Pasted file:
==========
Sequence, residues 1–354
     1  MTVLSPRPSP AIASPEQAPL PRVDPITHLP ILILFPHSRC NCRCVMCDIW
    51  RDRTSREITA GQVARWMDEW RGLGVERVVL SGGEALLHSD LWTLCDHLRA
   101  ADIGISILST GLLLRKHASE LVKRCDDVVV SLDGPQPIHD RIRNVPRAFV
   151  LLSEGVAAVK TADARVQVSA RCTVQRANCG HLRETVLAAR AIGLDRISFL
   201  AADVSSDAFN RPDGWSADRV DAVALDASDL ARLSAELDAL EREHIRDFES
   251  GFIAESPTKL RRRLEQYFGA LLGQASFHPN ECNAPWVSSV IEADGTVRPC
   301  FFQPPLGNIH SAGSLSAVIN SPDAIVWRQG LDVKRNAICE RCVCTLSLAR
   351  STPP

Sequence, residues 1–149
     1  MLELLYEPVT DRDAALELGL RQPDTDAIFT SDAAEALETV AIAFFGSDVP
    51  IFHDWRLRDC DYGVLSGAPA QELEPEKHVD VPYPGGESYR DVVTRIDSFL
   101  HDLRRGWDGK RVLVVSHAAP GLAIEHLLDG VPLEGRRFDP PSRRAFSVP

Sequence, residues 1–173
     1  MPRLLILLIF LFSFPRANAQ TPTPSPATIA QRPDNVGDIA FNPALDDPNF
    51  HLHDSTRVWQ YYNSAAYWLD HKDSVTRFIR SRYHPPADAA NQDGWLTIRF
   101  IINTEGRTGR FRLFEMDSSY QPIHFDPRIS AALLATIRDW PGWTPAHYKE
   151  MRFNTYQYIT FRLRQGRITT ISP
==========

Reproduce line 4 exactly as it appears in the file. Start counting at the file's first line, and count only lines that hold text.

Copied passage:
   101  ADIGISILST GLLLRKHASE LVKRCDDVVV SLDGPQPIHD RIRNVPRAFV